NASA Plans 3D Printing Future Rocket Parts with Lasers

By Wesley Fenlon

Selective laser melting can create more reliable rocket components more quickly than traditional manufacturing.

Imagine a room full of NASA employees, geniuses all, using MakerBots to 3D print parts for future space journeys. Cool vision, right? That room exists, as MakerBot's Bre Pettis told us last year. NASA uses MakerBots to rapidly and cheaply prototype parts, replacing a process that once would've taken days or weeks. For some parts, though, a $2000 3D printer isn't going to cut it. When it comes to building materials for its next rockets, NASA's using another 3D printing technique called selective laser melting. When we next blast off from Earth and head beyond the moon to an asteroid or Mars, the rocket will likely be made with 3D printed parts.

Mashable writes that NASA's Space Launch System, or SLS, will initially have to lift a payload of 70 million tons out of Earth's atmosphere. Eventually that number will rise to 130 million tons, as longer trips to near-Earth asteroids or Mars--planned to take place by the mid-2030s--will require more supplies. To build the rockets for that trip, NASA's implementing selective laser melting for the first time.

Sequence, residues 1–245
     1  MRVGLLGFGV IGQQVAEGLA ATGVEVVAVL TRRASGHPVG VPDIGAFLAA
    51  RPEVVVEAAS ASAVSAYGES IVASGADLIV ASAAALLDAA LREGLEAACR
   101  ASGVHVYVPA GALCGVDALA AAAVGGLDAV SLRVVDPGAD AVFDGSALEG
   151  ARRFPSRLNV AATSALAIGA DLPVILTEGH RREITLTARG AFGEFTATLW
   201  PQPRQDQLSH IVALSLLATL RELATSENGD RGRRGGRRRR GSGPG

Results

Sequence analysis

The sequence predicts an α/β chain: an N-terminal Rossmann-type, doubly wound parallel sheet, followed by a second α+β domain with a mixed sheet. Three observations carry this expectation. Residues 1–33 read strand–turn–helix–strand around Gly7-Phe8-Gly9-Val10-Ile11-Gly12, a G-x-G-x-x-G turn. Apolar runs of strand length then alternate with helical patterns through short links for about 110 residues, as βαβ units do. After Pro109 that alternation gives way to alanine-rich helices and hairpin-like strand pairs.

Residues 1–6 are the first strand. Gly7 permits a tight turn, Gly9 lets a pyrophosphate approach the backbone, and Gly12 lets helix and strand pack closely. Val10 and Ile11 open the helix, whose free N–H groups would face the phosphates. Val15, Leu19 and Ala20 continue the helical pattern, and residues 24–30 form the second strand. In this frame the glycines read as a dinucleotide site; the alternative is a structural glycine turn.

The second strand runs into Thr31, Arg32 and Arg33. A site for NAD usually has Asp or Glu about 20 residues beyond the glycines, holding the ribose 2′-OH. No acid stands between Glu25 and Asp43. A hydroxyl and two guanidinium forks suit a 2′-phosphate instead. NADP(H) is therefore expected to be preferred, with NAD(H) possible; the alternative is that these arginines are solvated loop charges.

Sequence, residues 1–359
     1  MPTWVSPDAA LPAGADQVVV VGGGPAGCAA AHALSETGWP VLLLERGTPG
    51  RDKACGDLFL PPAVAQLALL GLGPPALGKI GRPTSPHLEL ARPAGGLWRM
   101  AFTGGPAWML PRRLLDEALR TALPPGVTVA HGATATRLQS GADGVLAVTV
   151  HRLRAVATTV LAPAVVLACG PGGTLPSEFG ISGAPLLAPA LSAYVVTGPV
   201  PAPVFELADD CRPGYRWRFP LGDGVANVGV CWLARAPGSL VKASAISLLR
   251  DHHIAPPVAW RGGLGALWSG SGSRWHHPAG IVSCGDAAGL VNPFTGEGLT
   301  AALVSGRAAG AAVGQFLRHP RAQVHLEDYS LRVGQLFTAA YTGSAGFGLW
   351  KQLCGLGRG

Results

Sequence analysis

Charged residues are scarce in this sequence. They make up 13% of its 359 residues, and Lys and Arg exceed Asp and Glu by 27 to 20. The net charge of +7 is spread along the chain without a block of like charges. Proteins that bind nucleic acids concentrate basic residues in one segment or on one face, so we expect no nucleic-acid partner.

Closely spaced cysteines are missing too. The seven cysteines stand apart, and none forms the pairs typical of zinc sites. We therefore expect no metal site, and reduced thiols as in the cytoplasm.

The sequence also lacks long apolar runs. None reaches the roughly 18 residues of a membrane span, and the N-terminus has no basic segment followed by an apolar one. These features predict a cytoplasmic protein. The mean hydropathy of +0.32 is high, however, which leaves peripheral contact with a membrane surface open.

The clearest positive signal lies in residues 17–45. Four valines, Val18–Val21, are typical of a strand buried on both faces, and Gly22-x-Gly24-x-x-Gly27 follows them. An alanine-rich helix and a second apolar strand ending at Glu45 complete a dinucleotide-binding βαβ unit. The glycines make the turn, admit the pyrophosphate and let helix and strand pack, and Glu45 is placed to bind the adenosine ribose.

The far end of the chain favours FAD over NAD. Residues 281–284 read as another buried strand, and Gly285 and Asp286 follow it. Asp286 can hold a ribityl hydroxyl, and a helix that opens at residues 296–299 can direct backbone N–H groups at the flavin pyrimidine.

It's hard to picture 3D printed parts being as durable as welded metal materials, but NASA points out that in some ways they're actually better. They've discovered that the printed parts handle launch stresses welded components can't. And with no seams, the parts are less likely to leak.

One selective laser melting maker describes the process as "an additive manufacturing technology that uses a high powered ytterbium fibre laser to fuse fine metallic powders together to form functional 3-dimensional parts." LIke the layers of plastic that come out of a MakerBot's print head, a SLM printer places layers of metallic powder one atop the other, fusing each layer in place. Easy to see why that's stronger than your typical PLA plastic. According to NASA, SLM is also cheaper than conventional manufacturing.

When the next generation of NASA spacecraft lift off, these engineers (and selective laser melting) will likely be responsible for the whole thing holding together.